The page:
The role of economic institutions in electricity consumption, economic growth, and CO2 emissions linkages: Evidence from sub-Saharan Africa

Alex O. Acheampong, Janet Dzator, David A. Savage

Research output: Chapter in Book/Report/Conference proceedingChapterResearchpeer-review

3 Citations (Scopus)

Abstract

Achieving energy efficiency and economic growth while reducing carbon emissions has been the policy goal of most economies. The role of economic institutions in economic growth has increasingly attracted scholarly attention; the extent to which economic institutions are shaping the global move toward sustainable energy consumption and carbon emissions mitigation has received less attention in the literature. This study investigates the relationship between economic institutions, electricity, carbon emissions, and economic growth for 45 sub-Saharan Africa countries over the period 1960-2017. Using system GMM-PVAR, economic growth causes economic institutions and carbon emissions without feedback effect while no causal relationship exists between electricity consumption and economic growth. Electricity consumption unidirectionally causes carbon emissions while no causal relationship exists between electricity consumption and economic institutions. The estimated coefficients show that economic growth increases economic institutions by 0.783% while reducing carbon emissions by 0.49%. Electricity consumption increases carbon emissions by 0.141% while economic institutions reduce carbon emissions by 0.054%. These results differ across regions within sub-Saharan Africa. These findings have several implications for sustainable development policy.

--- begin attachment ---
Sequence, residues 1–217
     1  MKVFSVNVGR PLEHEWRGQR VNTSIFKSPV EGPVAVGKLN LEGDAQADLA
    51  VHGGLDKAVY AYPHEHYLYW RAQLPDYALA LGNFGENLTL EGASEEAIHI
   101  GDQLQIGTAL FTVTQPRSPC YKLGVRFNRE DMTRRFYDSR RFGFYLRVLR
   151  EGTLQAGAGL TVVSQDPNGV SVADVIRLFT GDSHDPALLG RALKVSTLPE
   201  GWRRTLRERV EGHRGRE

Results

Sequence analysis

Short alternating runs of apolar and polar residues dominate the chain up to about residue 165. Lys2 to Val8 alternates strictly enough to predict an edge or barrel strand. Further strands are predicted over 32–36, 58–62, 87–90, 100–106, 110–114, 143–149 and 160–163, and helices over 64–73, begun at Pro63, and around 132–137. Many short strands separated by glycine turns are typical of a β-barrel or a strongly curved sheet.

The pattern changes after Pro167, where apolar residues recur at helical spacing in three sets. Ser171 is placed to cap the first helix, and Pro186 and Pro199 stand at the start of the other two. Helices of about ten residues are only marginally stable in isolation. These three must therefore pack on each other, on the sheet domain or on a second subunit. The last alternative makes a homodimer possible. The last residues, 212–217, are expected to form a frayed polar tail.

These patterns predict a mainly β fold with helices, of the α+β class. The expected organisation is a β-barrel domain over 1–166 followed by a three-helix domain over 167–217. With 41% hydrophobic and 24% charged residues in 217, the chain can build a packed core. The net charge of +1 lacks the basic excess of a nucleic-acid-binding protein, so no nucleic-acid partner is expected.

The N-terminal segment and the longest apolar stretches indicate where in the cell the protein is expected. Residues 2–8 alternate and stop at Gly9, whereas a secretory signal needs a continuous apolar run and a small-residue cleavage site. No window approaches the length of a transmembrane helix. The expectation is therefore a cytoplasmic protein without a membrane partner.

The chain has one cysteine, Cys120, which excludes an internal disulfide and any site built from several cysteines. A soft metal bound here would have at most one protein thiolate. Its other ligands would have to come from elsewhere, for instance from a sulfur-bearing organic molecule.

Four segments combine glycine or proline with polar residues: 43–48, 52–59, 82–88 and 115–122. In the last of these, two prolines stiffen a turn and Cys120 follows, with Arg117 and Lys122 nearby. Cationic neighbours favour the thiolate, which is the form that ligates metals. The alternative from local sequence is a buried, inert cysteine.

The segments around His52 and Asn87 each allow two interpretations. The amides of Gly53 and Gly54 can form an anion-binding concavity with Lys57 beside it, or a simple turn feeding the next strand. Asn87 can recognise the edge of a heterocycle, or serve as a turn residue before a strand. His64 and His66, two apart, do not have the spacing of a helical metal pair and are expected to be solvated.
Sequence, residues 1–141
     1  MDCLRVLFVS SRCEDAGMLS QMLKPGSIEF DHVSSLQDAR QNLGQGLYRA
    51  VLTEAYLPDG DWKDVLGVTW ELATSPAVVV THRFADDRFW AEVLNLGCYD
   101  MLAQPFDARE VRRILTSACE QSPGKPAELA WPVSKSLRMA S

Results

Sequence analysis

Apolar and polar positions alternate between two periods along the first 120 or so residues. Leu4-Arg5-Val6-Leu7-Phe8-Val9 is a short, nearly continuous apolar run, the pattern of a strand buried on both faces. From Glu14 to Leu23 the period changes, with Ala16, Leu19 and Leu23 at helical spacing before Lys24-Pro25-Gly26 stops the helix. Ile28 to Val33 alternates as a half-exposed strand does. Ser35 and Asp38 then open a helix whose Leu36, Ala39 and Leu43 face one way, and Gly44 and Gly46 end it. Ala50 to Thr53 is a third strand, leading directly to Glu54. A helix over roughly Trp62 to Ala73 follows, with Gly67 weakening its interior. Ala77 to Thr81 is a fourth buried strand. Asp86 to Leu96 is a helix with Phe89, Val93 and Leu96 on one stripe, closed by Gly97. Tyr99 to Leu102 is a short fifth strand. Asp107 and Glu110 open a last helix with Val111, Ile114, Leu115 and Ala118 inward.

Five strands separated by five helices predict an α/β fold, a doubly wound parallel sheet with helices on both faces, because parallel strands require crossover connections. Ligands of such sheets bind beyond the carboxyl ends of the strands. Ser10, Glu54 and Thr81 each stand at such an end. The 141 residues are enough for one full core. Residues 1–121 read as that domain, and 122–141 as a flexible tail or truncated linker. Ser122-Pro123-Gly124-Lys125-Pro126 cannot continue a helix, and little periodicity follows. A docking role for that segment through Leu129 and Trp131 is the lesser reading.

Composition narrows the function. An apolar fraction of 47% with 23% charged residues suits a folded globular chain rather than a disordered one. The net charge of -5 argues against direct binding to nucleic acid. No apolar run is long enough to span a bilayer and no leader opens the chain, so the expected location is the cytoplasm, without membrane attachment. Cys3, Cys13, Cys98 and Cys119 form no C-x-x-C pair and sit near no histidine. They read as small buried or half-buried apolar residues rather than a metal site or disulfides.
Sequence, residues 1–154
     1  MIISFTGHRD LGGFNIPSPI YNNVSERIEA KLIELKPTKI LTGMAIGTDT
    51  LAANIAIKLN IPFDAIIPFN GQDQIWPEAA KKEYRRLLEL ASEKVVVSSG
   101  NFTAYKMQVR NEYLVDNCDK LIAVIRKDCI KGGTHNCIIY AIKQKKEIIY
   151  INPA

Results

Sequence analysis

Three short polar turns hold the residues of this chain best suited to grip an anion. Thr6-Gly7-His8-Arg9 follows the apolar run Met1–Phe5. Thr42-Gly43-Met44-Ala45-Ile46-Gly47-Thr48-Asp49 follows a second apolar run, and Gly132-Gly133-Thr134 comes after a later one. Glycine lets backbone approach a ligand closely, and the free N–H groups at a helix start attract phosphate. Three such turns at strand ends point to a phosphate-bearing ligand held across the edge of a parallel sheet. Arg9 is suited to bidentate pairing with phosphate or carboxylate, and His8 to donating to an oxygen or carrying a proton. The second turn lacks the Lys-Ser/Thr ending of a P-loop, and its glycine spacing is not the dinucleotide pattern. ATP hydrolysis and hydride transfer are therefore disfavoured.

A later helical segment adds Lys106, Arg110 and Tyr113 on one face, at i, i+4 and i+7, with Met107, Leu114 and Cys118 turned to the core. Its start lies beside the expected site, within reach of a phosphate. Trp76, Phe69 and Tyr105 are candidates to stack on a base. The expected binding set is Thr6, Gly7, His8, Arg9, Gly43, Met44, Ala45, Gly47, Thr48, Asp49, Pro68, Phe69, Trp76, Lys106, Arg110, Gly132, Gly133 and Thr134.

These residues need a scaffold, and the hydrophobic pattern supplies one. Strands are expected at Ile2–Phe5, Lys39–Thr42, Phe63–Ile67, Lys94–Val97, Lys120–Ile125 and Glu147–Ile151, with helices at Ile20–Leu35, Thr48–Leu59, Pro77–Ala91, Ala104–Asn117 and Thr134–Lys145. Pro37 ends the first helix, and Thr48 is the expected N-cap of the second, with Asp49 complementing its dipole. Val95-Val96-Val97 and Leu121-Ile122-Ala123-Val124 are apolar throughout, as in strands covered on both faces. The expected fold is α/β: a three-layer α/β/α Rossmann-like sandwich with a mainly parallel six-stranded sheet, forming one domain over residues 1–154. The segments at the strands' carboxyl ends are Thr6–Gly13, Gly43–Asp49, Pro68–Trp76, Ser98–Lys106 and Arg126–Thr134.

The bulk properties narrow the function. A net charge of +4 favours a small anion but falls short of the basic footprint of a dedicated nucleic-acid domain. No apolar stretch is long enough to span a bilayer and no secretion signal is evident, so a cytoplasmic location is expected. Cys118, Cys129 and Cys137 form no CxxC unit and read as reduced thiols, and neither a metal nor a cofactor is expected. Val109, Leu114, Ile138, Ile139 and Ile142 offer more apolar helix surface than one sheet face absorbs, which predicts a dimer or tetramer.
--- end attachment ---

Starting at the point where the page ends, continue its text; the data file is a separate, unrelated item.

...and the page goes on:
Original languageEnglish
Title of host publicationEnvironmental Sustainability and Economy
EditorsPardeep Singh, Pramit Verma, Daniela Perrotti, K.K. Srivastava
PublisherElsevier
Chapter4
Pages61-83
Number of pages23
ISBN (Electronic)9780128221884
DOIs
Publication statusPublished - 1 Jan 2021
Externally publishedYes

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